JO: (laughs) It depended! In private locations, houses, we would talk to the owners. Generally with public spaces we just went for it. Just about everything we did down in Albuquerque we just did guerrilla-style, we just ran in and did it.

JS: I did notice hikers wandering by one set.

JO: (light laugh, then thinks hard) What would that be?

JS: It was the riverside... when they were hunting the page or whatever he's supposed to be.

JO: Oh, in the "behind the scenes" stuff? Yeah, that was a public park. City locations. If we did anything that involved weapons, which obviously there were a few, we would definitely inform the police and local businesses just so we didn't scare anyone or get shot, um - We've had some interesting run-ins in the past if we didn't call the police, so I've learned my lesson. It was fun! One of the fight-scenes we did, we notified the police ahead of time and it was a slow day for them, so we had an audience of police officers the whole day; they just took turns, three or four of them at a time parked right outside the perimeter of our shooting area. They would just watch us do this fight scene and then the next couple would swap out.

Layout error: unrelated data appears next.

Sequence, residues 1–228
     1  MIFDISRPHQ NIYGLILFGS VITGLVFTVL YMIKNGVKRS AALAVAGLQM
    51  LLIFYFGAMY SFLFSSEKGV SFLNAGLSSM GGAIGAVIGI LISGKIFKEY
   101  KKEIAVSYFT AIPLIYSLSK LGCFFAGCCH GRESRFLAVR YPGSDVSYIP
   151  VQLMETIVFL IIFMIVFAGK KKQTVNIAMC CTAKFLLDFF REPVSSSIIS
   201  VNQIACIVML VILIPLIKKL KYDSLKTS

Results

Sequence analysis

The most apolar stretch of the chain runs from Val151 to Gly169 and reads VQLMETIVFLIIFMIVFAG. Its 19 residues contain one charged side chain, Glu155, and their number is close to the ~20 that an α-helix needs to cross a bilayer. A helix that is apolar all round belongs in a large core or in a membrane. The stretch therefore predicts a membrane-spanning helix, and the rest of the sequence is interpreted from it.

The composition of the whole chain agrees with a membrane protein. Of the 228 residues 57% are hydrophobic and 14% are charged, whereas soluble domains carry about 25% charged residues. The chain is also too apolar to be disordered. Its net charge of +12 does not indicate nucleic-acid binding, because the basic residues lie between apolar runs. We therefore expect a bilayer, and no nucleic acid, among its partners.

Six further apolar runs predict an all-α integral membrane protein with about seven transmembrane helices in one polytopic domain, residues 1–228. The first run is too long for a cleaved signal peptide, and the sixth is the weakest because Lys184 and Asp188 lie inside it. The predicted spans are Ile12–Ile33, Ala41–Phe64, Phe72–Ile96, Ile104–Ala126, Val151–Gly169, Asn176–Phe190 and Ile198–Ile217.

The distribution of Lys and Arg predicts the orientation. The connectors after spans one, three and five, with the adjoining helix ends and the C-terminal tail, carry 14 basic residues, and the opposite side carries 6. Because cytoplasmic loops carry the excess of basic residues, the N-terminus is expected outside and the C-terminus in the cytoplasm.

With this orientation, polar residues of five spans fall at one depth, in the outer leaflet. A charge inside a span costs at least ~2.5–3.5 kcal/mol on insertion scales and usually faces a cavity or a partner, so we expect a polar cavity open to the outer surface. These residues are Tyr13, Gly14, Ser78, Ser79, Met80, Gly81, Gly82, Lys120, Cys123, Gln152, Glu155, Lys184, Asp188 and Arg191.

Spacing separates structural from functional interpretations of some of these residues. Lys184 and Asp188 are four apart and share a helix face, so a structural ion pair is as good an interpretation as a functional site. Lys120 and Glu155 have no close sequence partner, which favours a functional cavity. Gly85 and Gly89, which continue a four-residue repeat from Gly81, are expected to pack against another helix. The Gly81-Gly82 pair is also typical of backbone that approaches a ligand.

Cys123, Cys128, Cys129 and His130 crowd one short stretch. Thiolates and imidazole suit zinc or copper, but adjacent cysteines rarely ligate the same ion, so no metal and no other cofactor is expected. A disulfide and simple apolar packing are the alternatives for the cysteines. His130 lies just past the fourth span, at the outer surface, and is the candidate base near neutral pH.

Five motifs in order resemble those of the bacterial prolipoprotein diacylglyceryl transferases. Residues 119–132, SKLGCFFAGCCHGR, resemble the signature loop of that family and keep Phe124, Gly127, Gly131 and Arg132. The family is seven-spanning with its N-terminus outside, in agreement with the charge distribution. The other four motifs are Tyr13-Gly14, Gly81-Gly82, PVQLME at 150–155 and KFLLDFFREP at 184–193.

JS: What were the most difficult scenes to film?

JO: The final fight scene that we have, which you probably haven't really seen yet, that was probably the most technically complicated just because we had a lot more stylized lighting than we usually do. And it was a fight scene with a couple of different pairs of people and a couple of different locations around the set and we tried to keep those orchestrated, so that was probably the most logistically difficult. The flashbacks were a little bit difficult to do just in pulling together the resources. We did three flashback scenes. The Western scene, one that's in Medieval Europe, and then one in California in the 1930s.